Wood Mackenzie has reported in its latest market outlook that the global wind energy market will pass the 1 TW threshold for installed capacity by the end of 2023. The outlook also suggests an intensified focus on offshore wind in the next decade with the sector growing sevenfold by 2032. Thirty countries are set to receive offshore capacity in the coming decade, with European countries and China accounting for 81% of global offshore capacity additions over the 10-year outlook. Within the decade, annual capacity additions in China are expected to average 80 GW and more than 343 GW of offshore and onshore capacity is expected to be added in Europe.
EnBW Breaks Ground
German utility EnBW is set to break ground on its largest offshore wind farm to date. The $2.6-billion project includes an installed capacity of 960 MW, is expected to be operational by the end of 2025, and will generate electricity for 1.1 million households, according to EnBW. Norway’s $1.3 trillion sovereign wealth fund, one of the world’s largest investors, announced it had agreed to buy a 16.6% stake in the project. “The final investment decision for the construction of our He Dreiht offshore wind farm is an important milestone in accelerating the energy transition,” CEO Andreas Schell said. “This is another big step towards a carbon-free energy future.”
A New Partnership in Wind Turbine Development
Transocean and Eneti have announced a new partnership for the installation of more than 500 wind turbine foundation components and executing transport and installation contracts at wind farms including Akita & Noshiro in Japan, Meerwind in Germany, Veja Mate in Germany, and Moray East in Scotland.
Egypt’s Got Wind
Red Sea Wind Energy has signed a $680-million agreement with banks and international financing organizations for establishing a wind farm in Egypt’s Gulf of Suez, as reported by Reuters. The 500-MW wind farm is to be located near Ras Ghareb city and is one of the biggest wind energy projects in Egypt and Africa, according to Egypt’s minister of electricity and renewable energy.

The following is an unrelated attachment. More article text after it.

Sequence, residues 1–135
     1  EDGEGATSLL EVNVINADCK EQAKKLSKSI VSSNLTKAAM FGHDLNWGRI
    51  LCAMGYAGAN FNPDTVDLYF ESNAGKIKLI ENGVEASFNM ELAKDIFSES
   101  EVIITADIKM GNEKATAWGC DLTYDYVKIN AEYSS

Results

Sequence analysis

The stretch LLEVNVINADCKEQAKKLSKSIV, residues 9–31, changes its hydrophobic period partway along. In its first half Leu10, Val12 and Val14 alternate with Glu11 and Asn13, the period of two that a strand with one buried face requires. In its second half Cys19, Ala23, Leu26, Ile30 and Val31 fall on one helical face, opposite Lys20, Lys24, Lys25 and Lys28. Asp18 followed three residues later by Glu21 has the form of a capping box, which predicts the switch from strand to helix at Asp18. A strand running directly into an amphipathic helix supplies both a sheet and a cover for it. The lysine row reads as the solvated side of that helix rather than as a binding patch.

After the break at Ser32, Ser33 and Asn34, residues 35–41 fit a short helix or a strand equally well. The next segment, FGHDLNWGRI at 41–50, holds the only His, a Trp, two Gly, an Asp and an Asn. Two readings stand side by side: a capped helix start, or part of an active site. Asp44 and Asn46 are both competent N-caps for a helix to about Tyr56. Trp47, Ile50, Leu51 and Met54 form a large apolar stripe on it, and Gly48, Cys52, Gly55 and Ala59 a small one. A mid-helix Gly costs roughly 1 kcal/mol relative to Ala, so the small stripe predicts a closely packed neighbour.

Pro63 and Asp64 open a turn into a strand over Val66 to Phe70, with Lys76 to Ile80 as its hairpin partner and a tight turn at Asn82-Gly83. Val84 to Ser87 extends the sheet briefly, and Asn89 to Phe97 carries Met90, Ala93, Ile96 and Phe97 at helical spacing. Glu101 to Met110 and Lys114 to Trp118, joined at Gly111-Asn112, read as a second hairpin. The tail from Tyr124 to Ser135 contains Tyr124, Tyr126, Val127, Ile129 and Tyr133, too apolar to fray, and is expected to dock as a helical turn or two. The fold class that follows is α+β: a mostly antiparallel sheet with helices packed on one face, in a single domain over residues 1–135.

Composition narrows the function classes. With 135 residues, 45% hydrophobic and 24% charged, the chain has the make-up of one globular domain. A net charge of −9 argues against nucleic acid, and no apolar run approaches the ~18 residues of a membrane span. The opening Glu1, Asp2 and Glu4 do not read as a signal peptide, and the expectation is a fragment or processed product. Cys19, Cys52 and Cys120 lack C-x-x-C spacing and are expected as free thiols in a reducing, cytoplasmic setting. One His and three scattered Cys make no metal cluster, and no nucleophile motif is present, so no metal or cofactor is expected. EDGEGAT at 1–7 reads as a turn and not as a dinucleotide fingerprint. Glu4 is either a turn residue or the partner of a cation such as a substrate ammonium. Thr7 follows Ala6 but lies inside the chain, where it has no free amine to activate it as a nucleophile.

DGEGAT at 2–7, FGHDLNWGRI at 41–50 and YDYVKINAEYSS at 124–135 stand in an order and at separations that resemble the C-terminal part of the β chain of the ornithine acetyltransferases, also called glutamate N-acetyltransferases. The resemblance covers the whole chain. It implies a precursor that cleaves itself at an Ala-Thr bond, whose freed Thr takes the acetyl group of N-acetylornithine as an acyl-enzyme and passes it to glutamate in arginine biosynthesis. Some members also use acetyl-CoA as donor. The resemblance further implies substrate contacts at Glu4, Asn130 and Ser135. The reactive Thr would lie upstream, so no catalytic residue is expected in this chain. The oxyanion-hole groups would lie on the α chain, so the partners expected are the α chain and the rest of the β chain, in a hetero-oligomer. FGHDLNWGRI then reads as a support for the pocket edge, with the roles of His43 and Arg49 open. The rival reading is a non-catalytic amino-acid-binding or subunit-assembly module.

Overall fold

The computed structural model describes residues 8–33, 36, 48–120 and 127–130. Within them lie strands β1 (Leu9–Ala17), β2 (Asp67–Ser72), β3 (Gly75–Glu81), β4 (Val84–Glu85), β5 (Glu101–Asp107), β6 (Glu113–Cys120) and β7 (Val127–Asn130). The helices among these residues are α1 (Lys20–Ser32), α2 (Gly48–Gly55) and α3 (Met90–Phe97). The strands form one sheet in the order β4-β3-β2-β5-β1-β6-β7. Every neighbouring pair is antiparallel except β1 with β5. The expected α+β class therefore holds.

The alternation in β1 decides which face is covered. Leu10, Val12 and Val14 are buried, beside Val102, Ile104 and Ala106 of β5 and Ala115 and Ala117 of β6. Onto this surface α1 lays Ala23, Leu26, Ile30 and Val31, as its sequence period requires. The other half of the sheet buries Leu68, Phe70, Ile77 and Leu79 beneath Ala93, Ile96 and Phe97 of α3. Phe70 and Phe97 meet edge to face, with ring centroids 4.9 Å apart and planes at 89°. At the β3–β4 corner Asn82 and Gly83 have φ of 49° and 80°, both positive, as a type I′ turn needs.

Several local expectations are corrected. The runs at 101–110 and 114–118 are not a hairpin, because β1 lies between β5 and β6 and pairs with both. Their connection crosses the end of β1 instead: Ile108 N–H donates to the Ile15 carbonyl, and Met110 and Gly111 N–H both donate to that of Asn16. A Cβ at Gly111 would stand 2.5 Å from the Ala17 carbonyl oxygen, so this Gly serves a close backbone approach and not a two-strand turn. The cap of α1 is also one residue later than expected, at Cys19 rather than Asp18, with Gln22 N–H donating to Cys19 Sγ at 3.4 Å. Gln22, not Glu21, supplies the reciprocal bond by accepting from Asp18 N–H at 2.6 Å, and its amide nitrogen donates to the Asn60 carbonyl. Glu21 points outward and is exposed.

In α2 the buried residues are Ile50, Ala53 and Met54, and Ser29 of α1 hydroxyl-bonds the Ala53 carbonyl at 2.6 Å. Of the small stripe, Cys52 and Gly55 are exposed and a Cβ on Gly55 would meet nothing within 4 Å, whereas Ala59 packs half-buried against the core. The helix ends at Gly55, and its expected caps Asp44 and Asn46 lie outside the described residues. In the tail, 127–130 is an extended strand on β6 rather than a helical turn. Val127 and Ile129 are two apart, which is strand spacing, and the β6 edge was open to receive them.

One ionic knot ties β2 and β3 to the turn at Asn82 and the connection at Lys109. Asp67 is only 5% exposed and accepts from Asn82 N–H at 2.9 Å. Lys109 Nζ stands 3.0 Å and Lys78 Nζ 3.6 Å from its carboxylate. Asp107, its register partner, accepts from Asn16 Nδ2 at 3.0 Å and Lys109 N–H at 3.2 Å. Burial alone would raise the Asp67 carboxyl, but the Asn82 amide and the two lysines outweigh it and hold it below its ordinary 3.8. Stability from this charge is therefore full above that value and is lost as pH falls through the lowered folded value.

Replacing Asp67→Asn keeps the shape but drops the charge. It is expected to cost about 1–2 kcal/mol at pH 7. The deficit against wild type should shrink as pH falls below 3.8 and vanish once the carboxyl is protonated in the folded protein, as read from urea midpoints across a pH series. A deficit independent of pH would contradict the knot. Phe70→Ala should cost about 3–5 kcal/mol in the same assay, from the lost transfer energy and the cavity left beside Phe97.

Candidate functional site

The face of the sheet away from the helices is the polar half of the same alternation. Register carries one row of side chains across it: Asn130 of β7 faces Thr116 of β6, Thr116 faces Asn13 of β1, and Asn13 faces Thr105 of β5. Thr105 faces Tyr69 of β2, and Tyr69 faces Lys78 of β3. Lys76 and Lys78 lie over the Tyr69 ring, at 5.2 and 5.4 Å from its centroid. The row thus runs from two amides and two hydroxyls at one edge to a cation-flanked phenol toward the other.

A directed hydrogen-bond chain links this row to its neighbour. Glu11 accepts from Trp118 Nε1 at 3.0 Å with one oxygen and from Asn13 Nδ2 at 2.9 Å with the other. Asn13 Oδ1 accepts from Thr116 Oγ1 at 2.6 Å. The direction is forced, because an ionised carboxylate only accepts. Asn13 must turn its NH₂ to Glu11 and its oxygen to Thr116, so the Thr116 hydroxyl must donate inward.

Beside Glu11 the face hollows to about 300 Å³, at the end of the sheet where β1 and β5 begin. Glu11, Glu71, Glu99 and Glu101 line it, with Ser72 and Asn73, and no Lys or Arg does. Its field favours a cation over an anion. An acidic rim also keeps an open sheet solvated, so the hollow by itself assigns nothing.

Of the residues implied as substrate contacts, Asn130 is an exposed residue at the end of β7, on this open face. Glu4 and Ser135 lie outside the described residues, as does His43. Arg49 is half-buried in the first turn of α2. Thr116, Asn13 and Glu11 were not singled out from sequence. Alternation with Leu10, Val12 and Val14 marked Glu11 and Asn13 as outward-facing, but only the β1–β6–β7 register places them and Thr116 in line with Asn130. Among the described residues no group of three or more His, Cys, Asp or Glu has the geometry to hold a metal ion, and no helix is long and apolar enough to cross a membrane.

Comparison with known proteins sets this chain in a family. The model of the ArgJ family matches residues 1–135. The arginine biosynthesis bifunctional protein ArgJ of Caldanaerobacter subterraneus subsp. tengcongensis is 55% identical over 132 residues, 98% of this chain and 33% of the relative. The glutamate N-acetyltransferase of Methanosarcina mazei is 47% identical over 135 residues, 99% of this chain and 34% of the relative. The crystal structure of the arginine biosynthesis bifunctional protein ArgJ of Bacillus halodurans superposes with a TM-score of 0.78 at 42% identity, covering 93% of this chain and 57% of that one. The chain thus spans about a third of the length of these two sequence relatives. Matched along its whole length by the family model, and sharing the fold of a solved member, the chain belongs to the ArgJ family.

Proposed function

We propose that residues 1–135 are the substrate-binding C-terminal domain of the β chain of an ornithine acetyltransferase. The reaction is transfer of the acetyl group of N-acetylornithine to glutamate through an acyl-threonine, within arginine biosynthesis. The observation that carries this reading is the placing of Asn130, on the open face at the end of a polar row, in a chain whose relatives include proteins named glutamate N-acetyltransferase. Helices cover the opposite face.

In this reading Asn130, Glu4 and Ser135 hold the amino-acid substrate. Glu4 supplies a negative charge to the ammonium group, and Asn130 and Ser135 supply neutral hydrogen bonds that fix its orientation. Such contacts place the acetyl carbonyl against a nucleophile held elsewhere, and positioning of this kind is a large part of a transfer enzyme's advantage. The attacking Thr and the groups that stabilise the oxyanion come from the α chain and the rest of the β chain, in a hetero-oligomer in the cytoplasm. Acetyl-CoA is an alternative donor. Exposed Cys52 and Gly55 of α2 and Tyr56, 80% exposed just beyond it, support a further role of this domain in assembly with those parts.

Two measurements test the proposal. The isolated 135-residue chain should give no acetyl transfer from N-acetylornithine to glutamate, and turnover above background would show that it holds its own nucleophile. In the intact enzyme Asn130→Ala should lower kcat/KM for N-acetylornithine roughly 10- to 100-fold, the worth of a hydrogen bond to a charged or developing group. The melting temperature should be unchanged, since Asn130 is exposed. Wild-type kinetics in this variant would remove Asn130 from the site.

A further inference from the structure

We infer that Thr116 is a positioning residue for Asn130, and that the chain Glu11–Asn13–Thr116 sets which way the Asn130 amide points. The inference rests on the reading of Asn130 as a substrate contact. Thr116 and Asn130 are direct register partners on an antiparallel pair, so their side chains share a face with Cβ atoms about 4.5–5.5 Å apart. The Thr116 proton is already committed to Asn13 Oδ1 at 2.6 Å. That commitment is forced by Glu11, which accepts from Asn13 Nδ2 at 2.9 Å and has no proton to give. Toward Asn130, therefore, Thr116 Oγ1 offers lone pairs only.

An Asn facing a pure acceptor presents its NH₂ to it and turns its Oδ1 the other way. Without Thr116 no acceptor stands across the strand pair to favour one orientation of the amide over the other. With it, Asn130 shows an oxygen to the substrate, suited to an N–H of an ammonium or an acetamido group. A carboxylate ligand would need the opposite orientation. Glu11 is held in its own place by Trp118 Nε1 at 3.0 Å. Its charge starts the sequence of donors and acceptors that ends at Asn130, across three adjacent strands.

Drax Hits a Snag
British power generator Drax is pausing its $2.45-billion plan for UK investment in bioenergy with carbon capture and storage until it receives clearer guidance from the government. The investment would help Drax in its plan to develop technology to capture and store emissions generated from burning wood-based biomass pellets. Until the company receives a firm commitment, the investment that would fund technology at its 2.6-GW biomass power plant in Yorkshire is on pause.
BP and Harbour Energy Set Sights on UK’s Track 2
BP and Harbour Energy have entered into an agreement to develop the Viking CCS transportation and storage project. Under the agreement, Harbour will continue as operator of Viking CSS with a 60% interest; BP will acquire the remaining 40%. Viking CCS has the potential to meet one-third of the UK government’s target to capture and store up to 30 million metric tons of CO2 a year by 2030 and is one of two leading transport and storage system contenders for Track 2 of the UK government’s CCS cluster sequencing process.
CCS On the Rise in The Land Down Under
Wood Mackenzie suggests there could be a potential rise in CCS projects in Australia as the country has announced a revision to its Safeguard Mechanism that will come into effect on 1 July. The revision will require projects to reduce emissions intensity by an average of 4.9% per year to 2030, with lower reductions after that. For new gas projects, producers will be required to abate or offset all reservoir CO2 from first production. Wood Mackenzie reported there are currently 27 proposed or under-development CCS projects in Australia. “Changes to the Safeguard Mechanism will have a direct impact on gas producers looking to develop CCS projects in Australia. CCS’s route to a viable revenue stream is clearer, and getting financial backing will potentially become easier. I suspect this policy will generate a proliferation of CCS projects in Australia, because, not only will upstream producers need abatement solutions but so will all the other big industrial and mining emitters subject to the mechanism,” Anne Forbes, research analyst at Wood Mackenzie said.